In the lead up to Christmas, we are reminded of the famous Dogs Trust slogan that ‘a Dog is for life, not just for Christmas’. A pet’s life may of course last longer than its owner, particularly if they own animals with long lifespans such as certain types of parrot. It is important therefore that pet owners consider what would happen to their pets after they have died.
A pet is actually considered as a personal chattel and like any other chattel they can be gifted by a will. There are a number of options that a pet owner could consider in their will.
A specific gift of their pet is the most common option as there are usually family members or friends who would be willing to look after the pet. Substitutional gifts can also be considered if the original beneficiary predeceases or no longer wishes to look after the pet.
The ongoing costs of the animal should also be considered. This would vary depending on the animal itself, a gift of a horse for example could be quite onerous for the beneficiary. A money gift that passes with the animal could also be considered as a way to ease the financial burden. The recipient of the gift is however under no obligation to use the money for the pet.
An alternate arrangement rather than leaving a money gift to the beneficiary could be to include a trust for the obligation of the pet. A trust for the maintenance of particular animals is what is known as a Trust of Imperfect Obligation (as the beneficiary of the trust cannot themselves enforce it) and is one of the few permitted non-charitable purpose trusts. These trusts cannot last any longer than 21 years which should be sufficient for most pets.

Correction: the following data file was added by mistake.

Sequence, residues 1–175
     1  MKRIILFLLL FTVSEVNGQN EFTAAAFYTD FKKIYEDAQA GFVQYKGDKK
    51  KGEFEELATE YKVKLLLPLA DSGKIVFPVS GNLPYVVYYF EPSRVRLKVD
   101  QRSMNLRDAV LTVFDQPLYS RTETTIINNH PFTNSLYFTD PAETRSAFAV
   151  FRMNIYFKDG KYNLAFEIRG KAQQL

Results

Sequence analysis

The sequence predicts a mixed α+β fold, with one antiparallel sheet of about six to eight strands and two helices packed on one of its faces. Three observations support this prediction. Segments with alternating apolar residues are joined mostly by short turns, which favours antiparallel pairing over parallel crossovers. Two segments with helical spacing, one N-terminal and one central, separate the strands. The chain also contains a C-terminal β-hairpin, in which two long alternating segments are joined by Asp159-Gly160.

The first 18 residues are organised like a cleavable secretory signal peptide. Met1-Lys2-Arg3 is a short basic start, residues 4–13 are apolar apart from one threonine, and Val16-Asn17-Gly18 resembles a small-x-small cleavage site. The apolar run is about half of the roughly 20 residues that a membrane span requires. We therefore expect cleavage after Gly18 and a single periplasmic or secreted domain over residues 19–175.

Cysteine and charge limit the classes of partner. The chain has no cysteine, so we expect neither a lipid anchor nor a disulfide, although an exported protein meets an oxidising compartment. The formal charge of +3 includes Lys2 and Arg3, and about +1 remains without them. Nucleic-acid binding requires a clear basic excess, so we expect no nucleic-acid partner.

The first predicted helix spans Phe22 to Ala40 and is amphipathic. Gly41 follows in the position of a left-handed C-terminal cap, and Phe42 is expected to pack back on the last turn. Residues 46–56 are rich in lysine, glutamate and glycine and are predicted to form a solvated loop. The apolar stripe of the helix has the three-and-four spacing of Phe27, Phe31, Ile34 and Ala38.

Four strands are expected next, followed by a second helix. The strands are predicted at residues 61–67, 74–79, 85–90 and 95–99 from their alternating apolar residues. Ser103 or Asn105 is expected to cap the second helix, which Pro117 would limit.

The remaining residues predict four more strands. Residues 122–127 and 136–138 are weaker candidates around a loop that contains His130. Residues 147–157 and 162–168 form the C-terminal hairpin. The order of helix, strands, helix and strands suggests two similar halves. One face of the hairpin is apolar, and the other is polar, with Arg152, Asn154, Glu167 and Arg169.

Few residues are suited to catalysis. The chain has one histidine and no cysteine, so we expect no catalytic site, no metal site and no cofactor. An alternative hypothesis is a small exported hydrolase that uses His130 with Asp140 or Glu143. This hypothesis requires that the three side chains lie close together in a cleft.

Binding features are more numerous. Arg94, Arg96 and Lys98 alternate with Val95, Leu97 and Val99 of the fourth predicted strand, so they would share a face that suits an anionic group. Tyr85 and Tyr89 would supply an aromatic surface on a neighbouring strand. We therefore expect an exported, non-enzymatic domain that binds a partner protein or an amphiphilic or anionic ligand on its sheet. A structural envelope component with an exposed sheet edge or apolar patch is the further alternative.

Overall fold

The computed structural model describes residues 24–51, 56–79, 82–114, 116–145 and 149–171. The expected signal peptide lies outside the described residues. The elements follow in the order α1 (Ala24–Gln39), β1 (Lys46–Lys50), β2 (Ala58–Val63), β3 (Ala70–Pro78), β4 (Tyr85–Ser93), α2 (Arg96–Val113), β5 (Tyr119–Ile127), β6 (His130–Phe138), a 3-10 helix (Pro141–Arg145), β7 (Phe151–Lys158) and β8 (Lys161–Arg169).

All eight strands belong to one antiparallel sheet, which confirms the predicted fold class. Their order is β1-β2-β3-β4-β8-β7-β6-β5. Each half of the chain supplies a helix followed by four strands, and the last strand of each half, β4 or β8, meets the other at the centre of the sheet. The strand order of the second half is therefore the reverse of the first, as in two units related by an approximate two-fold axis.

If such a trust is included in the will, the client should be made aware that there would be additional testamentary expenses incurred to set up the trust after death and there may be some ongoing costs to administer the trust.
Gift to Trustees
A person may also consider gifting their pets to their trustees with the wish that the trustees distribute the pets according to a letter of wishes. This would allow them some flexibility to change their beneficiaries easily as they see fit without needing to rewrite the will entirely.
Gift to Charity
If the client does not know anyone suitable to take on their pets after they die, they could also consider gifting their pets to charity. A number of animal charities operate schemes so that a person may register their pets with the charity during lifetime. After their death, the executors would notify the charity who would take possession of the pets and aim to suitably rehome the animal. Links to notable schemes are included below.
- RSPCA’s Home for Life: https://www.rspca.org.uk/whatwedo/care/homeforlife
- Dogs Trust Canine Care Card: https://www.dogstrust.org.uk/get-involved/wills-legacies/canine-care-card/
- Cats Protection Cat Guardians: https://www.cats.org.uk/get-involved/support-us/cat-guardians
These schemes are free, but the client could also consider a gift to the charity in their will in appreciation.